The Singapore Medical Council's disciplinary tribunal's decision to fine an orthopaedic surgeon $100,000 for not telling his patient of possible side effects has caused much uproar and distress in the medical community (Doc fined $100k for not warning patient of injection side effects; Jan 22).
Traditionally, doctors were told by legal experts that we ought to inform patients of complications that are serious, such as death or a serious disability, or common, such as bloating after a gastroscopy examination.
But if every possible complication of a medication or procedure has to be explained to patients, it will be extremely difficult to practise medicine.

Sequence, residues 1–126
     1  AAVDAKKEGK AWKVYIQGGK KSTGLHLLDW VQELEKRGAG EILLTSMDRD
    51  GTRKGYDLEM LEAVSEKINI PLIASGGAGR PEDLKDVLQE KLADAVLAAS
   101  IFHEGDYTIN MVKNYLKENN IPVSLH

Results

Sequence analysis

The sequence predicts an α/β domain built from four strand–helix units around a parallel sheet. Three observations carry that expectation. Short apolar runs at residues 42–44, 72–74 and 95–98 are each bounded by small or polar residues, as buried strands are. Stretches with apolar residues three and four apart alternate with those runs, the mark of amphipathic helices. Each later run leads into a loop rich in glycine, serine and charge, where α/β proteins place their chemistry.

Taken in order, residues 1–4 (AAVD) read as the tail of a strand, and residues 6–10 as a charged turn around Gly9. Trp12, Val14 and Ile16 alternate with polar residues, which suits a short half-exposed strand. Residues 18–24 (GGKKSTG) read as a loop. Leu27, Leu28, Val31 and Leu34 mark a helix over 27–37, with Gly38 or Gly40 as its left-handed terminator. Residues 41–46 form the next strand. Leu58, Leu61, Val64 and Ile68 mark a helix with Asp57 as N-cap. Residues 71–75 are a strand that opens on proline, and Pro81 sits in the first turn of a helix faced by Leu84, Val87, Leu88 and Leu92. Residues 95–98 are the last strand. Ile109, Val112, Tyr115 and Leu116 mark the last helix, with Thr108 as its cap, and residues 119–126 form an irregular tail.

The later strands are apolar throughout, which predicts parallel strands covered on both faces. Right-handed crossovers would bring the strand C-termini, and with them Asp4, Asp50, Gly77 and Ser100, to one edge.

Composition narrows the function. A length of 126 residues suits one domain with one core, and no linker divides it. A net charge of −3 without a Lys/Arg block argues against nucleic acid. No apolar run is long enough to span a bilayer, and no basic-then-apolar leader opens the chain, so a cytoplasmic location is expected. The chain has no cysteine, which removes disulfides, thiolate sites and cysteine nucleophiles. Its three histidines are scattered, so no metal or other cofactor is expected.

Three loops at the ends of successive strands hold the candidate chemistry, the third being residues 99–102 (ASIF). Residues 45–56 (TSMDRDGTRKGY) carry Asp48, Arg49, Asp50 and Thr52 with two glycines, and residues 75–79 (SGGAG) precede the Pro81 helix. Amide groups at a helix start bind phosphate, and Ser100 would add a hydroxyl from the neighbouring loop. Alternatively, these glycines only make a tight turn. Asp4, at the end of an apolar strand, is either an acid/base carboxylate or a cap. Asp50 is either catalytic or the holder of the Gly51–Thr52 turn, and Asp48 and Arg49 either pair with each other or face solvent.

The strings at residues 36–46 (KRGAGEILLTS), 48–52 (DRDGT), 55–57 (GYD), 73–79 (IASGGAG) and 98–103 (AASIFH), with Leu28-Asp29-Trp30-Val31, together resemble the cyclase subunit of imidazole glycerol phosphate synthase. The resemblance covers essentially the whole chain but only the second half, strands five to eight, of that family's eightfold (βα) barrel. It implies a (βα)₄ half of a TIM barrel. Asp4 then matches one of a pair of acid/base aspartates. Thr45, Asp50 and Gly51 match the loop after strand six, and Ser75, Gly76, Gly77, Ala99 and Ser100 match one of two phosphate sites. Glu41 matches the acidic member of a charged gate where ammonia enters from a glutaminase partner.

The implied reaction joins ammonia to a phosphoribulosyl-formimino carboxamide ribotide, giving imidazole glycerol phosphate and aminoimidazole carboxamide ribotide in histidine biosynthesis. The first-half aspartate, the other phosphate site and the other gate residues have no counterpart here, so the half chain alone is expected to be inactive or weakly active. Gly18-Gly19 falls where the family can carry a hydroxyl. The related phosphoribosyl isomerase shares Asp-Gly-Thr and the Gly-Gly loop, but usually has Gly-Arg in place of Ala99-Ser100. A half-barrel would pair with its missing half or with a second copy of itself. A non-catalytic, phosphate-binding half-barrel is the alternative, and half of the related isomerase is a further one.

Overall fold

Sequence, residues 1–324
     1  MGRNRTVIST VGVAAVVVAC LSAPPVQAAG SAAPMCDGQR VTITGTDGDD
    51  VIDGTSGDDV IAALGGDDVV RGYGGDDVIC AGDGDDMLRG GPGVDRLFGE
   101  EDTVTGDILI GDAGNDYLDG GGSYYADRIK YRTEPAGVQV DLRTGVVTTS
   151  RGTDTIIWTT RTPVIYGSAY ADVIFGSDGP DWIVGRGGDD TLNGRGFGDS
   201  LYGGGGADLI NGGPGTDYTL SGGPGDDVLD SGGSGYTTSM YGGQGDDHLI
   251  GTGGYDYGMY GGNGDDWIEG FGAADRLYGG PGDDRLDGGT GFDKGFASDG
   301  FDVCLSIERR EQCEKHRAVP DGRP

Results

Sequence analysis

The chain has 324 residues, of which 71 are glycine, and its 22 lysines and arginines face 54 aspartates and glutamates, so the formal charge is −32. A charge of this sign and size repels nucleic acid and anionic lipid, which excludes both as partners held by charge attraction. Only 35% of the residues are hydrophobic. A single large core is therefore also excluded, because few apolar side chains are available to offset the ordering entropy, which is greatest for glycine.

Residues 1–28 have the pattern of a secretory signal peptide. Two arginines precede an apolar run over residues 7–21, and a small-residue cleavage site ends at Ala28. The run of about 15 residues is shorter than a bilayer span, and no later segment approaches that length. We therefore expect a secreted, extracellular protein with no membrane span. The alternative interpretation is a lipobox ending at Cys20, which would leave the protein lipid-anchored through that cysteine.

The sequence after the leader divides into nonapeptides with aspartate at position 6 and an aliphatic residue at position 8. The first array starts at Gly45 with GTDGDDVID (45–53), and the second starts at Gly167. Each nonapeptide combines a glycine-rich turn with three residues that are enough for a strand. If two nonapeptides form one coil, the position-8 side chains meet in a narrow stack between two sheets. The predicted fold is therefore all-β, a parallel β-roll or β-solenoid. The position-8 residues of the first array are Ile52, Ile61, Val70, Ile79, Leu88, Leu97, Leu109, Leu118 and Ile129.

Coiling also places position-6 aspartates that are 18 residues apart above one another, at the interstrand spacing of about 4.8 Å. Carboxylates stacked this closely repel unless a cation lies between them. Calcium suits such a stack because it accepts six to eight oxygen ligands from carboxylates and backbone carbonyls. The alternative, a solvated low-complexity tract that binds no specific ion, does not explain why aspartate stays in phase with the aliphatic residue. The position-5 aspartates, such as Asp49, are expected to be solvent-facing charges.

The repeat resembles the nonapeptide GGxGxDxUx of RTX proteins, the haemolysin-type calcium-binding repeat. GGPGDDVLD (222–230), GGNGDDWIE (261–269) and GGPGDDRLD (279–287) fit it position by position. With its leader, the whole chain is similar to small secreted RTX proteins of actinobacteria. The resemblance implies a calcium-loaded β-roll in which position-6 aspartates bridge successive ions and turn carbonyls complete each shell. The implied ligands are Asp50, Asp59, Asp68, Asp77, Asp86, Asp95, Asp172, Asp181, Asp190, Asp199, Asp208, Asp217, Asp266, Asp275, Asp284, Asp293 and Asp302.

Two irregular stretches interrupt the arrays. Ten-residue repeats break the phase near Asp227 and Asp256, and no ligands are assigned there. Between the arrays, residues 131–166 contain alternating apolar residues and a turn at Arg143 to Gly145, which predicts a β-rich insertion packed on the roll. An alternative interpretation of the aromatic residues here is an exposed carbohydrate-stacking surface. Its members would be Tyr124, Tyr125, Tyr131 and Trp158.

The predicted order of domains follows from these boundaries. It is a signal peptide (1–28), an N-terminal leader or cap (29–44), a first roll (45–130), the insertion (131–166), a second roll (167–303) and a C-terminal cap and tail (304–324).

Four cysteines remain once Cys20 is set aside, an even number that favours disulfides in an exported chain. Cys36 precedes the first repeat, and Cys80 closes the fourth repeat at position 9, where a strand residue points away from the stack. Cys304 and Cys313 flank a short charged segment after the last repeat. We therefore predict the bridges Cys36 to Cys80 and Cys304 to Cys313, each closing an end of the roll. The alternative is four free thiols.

As a simple example, the major and common side effects of paracetamol are mainly drug allergy and liver toxicity, if taken in large quantities. But paracetamol is also associated with more than 20 other potential adverse effects, including insomnia and headaches.
If not informing a patient of all potential adverse effects would lead to a $100,000 fine, doctors may simply print out the long list of potential complications and side effects, and give it to patients.
This patient information overload is not necessarily a good thing, as much time would be spent simply digesting that information.
Important points may also get buried within the less key information.
Doctor-patient relationships are based on a foundation of goodwill, that the patient trusts his doctor, and the doctor does his best to help the patient. It will become very difficult for doctors to do their jobs, if they have to cover every possible source of complaints and lawsuits.
Desmond Wai (Dr)